The Australian Ballet
(Australian Ballet Website)
David McAllister, Artistic Director
Valerie Wilder, Executive Director
With the New York City Ballet Orchestra
Guest Conductor: Nicolette Fraillon,
Music Director, Australian Ballet
David H. Koch Theater, Lincoln Center
Dr. Roberta E. Zlokower
June 15, 2012
Graeme Murphy’s Swan Lake (2002) Choreography by Graeme Murphy, Music by Piotr Ilyich Tchaikovsky, Concept by Graeme Murphy, Janet Vernon, and Kristian Fredrikson, Set and Costume Design by Kristian Fredrikson, Lighting Design by Damien Cooper, reproduced by Robert Cuddon, Performed by Madeleine Eastoe as Odette, Kevin Jackson as Prince Siegfried, Lucinda Dunn as Baroness von Rothbart.
I am sure there will be controversy as to the worthiness of a contemporary Swan Lake that extrapolates from the original theme and re-creates it into a psychological fantasy. For this writer, it was magnificent. Siegfried, in the original, falls in love with the ingénue, doomed Odette, a white swan, who can only survive if she marries in true love, in order to break the spell of von Rothbart, an evil winged monster, with a full ballet corps of spellbound white swans. Also, in the original and its subsequent ballet incarnations, Siegfried is tricked by von Rothbart and his “daughter” Odile, a black swan (same ballerina as Odette), who seduces Siegfried into proposing at his birthday ball, when faced with bland princesses as bridal options. In the original, all the “good” characters are doomed, while the “evil” Odile disappears and von Rothbart dies of despair, when Odette (then Siegfried) jumps into the lake. At least, that’s the general theme of most versions.
In Graeme Murphy’s 2002 version, a demure young bride, Odette, suddenly sees, at the Wedding Ball, the chemistry that her new husband, Prince Siegfried, exudes for another woman, Baroness von Rothbart, who generally steals his heart. Odette has a quasi-nervous breakdown, and Siegfried’s mother, the Queen, has Odette sent to a sanatorium, where the windows to her tiny room open to scenes of a frozen lake, where dozens of white swans swim serenely. Or, Odette is dreaming this scene, from the drugs she is forced to swallow. When Siegfried visits Odette, she and we see him leave the sanatorium property with the Baroness, arms locked. Months later, Odette comes upon Siegfried again, at another palace ball, and this time Siegfried falls in love with her, once more. The Baroness tries to force the Queen to commit Odette again to the sanatorium, but Odette flees to the lake. Even though Siegfried finds and embraces her, she succumbs to the power of the lake’s beauty, and makes it her eternal home. Siegfried is left alone and mourning.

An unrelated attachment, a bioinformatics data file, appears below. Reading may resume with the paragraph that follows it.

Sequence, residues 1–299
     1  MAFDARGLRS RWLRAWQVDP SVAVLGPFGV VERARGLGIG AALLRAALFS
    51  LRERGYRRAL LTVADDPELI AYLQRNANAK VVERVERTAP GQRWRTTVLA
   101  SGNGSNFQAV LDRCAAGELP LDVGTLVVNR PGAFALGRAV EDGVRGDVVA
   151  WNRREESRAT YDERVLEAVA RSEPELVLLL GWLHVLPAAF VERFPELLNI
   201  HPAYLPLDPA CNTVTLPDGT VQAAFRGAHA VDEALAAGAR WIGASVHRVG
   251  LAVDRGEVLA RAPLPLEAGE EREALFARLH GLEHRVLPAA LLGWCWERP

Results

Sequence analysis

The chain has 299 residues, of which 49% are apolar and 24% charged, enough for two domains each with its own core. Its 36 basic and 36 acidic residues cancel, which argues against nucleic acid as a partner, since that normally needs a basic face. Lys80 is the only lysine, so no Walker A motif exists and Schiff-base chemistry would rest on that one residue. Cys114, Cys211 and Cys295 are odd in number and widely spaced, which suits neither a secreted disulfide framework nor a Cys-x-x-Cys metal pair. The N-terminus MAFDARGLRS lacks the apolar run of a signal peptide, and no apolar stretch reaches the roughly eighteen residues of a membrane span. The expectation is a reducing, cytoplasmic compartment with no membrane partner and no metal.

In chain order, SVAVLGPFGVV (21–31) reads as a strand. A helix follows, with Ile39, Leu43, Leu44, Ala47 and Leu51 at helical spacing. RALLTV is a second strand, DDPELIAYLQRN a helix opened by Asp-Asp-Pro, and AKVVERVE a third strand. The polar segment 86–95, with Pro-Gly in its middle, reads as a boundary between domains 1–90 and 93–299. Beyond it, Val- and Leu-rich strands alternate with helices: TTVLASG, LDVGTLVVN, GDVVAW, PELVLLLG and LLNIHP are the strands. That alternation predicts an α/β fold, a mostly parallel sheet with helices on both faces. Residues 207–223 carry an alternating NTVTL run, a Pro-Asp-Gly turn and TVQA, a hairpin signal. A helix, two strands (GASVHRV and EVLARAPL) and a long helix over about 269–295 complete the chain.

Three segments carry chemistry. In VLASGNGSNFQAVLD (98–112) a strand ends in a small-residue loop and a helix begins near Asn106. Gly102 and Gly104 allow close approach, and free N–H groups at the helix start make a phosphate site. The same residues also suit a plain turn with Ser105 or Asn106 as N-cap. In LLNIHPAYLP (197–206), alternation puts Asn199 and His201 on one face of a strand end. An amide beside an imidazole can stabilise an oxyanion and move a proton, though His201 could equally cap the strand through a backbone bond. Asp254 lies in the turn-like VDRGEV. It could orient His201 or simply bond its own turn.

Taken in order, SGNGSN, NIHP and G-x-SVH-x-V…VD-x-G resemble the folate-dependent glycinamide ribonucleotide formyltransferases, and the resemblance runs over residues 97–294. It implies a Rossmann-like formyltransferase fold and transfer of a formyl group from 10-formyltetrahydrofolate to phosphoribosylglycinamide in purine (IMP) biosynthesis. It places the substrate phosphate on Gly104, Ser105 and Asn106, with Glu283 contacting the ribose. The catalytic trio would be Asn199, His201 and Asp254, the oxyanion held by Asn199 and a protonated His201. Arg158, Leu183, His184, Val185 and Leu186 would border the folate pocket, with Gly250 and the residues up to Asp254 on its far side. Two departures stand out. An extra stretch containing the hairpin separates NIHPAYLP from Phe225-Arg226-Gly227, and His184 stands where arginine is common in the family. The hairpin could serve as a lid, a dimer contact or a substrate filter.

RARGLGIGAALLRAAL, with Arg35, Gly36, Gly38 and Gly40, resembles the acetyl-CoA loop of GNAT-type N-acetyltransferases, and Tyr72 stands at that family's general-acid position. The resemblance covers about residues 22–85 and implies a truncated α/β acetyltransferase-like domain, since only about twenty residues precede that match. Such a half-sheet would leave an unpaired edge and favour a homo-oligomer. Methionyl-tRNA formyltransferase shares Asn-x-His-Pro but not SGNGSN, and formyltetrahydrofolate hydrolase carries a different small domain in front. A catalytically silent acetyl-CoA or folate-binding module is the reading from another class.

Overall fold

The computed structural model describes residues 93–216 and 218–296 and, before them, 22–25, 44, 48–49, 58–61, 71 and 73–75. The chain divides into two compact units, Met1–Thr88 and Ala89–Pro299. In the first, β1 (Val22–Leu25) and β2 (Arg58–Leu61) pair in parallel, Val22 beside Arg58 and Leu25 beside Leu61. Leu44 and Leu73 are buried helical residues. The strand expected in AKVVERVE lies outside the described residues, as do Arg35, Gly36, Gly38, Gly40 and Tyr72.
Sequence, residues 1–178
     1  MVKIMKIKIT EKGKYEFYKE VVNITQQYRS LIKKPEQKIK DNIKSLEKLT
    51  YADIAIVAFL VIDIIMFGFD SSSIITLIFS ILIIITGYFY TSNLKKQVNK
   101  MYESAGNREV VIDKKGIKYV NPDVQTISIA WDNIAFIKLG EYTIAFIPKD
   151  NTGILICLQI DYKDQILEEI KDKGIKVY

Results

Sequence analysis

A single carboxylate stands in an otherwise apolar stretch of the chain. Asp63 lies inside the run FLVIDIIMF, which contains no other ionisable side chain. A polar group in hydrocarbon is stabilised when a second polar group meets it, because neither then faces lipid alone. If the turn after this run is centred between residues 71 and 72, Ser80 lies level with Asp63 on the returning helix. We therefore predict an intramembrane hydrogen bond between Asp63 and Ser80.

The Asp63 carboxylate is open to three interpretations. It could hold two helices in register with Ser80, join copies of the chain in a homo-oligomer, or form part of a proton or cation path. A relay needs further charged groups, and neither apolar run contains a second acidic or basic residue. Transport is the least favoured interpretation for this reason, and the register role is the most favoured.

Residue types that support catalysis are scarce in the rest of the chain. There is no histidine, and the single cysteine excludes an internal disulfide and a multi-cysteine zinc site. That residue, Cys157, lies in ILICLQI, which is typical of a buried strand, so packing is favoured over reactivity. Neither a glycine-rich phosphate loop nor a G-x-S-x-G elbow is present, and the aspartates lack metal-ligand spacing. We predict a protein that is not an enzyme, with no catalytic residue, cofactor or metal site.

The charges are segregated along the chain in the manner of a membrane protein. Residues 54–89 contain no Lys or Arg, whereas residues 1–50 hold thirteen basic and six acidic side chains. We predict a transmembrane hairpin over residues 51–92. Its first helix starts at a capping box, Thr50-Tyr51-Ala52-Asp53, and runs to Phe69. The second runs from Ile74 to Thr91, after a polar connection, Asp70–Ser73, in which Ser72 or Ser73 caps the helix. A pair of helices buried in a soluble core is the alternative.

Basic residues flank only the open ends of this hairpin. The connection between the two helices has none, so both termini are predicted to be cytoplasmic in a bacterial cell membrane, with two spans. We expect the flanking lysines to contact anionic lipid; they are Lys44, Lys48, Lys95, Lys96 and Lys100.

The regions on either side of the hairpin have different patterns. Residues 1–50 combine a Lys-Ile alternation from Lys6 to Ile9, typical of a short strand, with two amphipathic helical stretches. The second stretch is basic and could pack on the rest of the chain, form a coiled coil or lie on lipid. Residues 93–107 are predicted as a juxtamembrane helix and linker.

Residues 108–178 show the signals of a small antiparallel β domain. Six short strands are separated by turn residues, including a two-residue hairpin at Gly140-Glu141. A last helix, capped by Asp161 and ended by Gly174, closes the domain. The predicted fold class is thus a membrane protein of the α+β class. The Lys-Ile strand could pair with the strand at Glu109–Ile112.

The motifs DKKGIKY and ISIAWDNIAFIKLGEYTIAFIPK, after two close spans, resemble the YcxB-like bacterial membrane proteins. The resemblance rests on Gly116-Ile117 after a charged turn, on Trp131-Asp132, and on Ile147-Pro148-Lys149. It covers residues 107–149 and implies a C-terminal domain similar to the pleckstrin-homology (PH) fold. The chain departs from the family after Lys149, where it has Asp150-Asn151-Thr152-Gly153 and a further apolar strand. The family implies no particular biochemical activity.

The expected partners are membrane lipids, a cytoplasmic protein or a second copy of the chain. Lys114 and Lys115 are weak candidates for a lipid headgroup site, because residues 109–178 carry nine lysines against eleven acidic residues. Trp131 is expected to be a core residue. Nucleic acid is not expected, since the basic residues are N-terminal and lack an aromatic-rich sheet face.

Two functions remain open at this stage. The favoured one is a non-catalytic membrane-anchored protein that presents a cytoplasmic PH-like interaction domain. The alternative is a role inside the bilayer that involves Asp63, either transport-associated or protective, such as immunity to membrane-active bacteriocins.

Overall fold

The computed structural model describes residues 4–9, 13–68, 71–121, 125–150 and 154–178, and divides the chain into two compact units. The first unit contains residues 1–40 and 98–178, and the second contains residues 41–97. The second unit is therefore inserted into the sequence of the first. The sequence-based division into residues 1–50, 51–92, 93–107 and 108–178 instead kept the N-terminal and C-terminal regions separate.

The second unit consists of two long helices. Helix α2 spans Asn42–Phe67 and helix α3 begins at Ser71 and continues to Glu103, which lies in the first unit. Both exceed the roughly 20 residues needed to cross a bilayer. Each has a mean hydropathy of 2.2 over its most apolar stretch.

Madeleine Eastoe, as Odette, is one of the best character ballet actors I have seen, breathlessly radiant and consumed with passion, then ravaged with fear and isolation. When the sanatorium nurses force her to bathe in steaming water (onstage) she seemed like a silent film actress, thrown on the tracks, eyes wide and limbs shaking. Kevin Jackson, as Prince Siegfried, morphed from one amorous adventure to the next, then back, with persuasive theatricality. Lucinda Dunn, as Baroness von Rothbart, was every bit the Odile character, devious and wily. The remaining cast was unlisted, but each was notably dramatic to the role. Most riveting were the sanatorium scenes, with Odette curled up at her window, dreaming of a frozen safe haven, where she could swim with the swans. Moreover, those very swans, the corps, danced with exceptional synchronization, effervescence, and surrealism.
The concept of this ballet, by Graeme Murphy, Janet Vernon, and Kristian Fredrikson is brilliant and timeless. There will be those who draw comparisons to the recent and current British Royals and their family dramas, but I prefer to see Murphy’s Swan Lake as a psychological extrapolation of the original, with Siegfried’s and Odette’s interior mental process re-enacted by the company. The choreography by Graeme Murphy is mainly designed for the corps, in swirling circles around a giant blue, then black lake, and in partnered waltzes in two ballroom scenes. Each corps dance scene transports the viewer. Tchaikovsky’s original score is fragmented and re-worked for unexpected dramatic moments, not where one would anticipate. This is fine, as each choreographer has artistic license to create a unique, new production. Kristian Fredrikson’s set and costume design are intrinsic to the appeal and fascination of Murphy’s intriguing presentation of Swan Lake. Damien Cooper’s lighting design makes the sanatorium appalling and the lake alluring. Kudos to Graeme Murphy, and kudos to David McAllister and The Australian Ballet.
Madeleine Eastoe and Kevin Jackson with The Australian Ballet in
Graeme Murphy's "Swan Lake"
Courtesy of Lisa Tomasetti
The Australian Ballet in
Graeme Murphy's "Swan Lake"
Courtesy of Jeff Busby